Where plaintiff and defendant, as owners of adjoining lots, take possession and construct a fence on what they suppose is the dividing line, and it afterwards proves to be entirely on plaintiff's lot, plaintiff is not in possession of the portion of his lot on defendant's side of the fence and therefore he cannot maintain trespass quare clausum fregit as to such portion. Appeal from circuit court, Erie county.

Action by John Zorn against Frederick W. Haake for trespass on land. From a judgment entered on a verdict in favor of plaintiff, and from an order denying a motion for a new trial, made on the minutes of the court, defendant appeals. Reversed.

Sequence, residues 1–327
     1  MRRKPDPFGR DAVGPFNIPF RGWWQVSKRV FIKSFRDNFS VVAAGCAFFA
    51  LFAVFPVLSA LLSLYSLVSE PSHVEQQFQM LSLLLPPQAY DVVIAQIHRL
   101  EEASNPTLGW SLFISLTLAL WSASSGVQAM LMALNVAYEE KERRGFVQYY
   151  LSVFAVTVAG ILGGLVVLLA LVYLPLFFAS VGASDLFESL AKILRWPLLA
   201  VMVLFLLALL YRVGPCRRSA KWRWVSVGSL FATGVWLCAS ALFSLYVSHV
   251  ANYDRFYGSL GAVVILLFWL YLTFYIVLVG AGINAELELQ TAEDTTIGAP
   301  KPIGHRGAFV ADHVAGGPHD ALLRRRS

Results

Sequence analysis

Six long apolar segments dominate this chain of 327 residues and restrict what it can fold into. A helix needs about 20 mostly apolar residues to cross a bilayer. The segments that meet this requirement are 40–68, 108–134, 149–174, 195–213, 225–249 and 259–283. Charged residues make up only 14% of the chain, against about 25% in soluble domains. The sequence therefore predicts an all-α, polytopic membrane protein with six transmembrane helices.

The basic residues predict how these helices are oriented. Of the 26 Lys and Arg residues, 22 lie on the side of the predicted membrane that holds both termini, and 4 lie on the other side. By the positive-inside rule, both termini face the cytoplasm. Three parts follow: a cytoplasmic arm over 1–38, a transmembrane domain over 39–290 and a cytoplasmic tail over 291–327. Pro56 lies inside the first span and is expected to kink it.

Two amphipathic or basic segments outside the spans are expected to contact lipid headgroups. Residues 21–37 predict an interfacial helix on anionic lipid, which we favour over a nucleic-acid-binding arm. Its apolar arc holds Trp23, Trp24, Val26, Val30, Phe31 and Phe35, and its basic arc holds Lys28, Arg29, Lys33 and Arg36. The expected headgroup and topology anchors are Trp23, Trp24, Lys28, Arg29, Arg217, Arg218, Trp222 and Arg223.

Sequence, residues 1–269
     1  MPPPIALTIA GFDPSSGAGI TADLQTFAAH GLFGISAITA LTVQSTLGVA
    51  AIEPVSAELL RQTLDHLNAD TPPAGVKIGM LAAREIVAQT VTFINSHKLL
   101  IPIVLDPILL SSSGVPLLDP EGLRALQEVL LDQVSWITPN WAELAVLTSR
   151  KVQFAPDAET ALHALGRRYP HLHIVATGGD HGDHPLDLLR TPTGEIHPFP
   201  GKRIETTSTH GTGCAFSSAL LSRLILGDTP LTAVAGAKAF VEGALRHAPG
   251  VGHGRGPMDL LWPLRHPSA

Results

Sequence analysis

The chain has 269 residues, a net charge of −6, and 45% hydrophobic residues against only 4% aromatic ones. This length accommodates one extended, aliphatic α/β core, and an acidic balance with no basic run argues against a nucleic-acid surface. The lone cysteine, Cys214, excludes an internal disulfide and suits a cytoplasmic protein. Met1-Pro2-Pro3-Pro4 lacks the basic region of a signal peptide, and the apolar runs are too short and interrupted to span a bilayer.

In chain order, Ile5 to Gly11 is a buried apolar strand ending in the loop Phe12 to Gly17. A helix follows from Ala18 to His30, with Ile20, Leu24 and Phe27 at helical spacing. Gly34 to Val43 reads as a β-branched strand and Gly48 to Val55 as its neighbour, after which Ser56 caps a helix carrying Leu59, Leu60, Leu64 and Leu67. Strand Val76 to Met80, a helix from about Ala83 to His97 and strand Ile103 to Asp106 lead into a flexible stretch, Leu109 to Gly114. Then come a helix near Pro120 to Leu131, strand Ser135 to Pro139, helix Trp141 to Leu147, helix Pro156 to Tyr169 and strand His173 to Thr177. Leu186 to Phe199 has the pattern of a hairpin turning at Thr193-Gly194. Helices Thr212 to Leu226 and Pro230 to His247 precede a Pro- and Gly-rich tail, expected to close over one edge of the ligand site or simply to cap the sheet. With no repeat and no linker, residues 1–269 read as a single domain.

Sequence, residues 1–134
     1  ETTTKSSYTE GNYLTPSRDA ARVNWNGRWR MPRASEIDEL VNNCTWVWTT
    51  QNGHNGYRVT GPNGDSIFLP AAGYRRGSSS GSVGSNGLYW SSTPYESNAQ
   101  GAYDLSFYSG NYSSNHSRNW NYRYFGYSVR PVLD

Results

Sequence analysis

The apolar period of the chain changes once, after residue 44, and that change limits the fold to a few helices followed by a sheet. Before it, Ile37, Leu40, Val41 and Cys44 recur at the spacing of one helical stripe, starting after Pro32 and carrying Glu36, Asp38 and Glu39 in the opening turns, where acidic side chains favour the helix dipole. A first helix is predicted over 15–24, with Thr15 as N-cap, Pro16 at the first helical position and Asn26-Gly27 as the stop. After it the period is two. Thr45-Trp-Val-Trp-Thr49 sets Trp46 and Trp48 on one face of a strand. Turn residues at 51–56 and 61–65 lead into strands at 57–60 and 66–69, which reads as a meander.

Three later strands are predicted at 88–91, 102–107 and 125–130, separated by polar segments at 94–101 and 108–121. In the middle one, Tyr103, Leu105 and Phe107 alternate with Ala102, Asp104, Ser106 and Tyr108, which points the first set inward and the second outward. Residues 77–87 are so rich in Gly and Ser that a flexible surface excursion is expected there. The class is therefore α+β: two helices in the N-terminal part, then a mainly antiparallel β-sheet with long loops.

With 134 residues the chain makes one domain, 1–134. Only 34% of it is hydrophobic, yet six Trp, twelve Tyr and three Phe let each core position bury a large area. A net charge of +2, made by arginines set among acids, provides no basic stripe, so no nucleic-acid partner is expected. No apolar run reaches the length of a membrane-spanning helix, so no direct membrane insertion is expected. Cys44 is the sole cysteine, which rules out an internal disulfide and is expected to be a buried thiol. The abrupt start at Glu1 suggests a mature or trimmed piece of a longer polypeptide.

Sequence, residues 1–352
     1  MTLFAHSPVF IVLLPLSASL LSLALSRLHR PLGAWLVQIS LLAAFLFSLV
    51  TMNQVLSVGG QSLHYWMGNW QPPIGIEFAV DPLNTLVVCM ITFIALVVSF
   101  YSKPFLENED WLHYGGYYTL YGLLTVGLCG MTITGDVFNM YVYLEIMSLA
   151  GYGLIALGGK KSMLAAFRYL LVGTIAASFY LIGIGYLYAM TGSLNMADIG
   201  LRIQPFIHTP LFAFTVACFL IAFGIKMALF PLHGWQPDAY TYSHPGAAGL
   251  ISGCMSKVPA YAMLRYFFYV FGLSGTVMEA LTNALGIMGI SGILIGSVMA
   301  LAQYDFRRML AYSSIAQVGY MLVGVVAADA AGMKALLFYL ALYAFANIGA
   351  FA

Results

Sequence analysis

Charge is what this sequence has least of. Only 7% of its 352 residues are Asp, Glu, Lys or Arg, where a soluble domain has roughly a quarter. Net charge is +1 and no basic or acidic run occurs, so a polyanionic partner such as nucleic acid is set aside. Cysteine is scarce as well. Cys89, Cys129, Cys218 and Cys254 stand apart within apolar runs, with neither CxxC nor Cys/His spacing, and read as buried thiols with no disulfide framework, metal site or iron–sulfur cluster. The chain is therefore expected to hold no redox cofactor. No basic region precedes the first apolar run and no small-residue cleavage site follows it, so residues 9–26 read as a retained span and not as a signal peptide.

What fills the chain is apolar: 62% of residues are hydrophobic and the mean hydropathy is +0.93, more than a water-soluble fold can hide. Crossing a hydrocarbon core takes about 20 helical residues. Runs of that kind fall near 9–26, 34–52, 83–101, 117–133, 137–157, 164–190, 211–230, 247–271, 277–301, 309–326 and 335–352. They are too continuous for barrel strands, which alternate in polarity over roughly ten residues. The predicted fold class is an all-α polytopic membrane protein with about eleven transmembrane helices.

Argued before DWIGHT, P. J., and LEWIS, HAIGHT, and BRADLEY, JJ.

Stephen Lockwood, for appellant.
Allen & Butterfield, for respondent.